Job search expenses can be deducted as miscellaneous itemized tax deductions if you look for a job in the same field at the same level as the one you left. The job search expenses are deductible even if you don't get the job. You can deduct job-seeking expenses as long as the amount of all miscellaneous itemized tax deductions is more than 2% of your adjusted gross income (AGI).
To figure your tax deduction, subtract 2% of your AGI from the total amount of these expenses.
Job search expense deductions are also subject to the overall limitation on itemized deductions based on income threshold amounts.
Allowable Job Search Tax Deductions
You may be eligible for the following deductions while you're searching for a job.
Employment agency fees: If in a later year your new employer repays your agency fees, you must include the amount in your income up to the amount of the deduction you claimed earlier. If your employer pays fees directly to the agency, you don't have to include them in your income.
Resume preparation: typing and printing, postage, long-distance charges, advertising, and photographs required for your resume.
Travel: airfare, mileage (some automobile expenses have been approved), meals (based on either actual expenses or standard federal per diem rates) and lodging (actual expenses only).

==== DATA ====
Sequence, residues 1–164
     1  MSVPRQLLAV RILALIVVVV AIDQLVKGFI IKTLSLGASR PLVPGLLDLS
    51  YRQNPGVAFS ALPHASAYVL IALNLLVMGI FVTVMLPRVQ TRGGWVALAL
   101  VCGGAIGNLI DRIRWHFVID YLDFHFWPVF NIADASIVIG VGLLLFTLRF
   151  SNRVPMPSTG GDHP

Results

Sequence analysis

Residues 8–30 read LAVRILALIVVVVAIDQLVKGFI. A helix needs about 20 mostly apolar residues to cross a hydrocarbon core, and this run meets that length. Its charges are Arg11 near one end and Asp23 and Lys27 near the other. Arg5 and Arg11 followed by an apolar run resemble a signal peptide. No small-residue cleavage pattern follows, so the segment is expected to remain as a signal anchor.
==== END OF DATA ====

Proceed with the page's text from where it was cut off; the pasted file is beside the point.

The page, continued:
Qualifications: To qualify, your job search must be for a job in your current, or most recent, trade or business and should be at a similar level of responsibility with duties similar to those of your most recent job.
If you haven't held a job in that trade or business for an extended length of time, your job search will be considered for a new trade or business, and your deductions may not be allowed.
If you held a college internship or valid job while in college and your search is for a job in the same trade or business, you will be able to deduct job search expenses.
If you're just out of school and had no paying jobs while in school that were related to your trade or business, your deductions won't be allowed.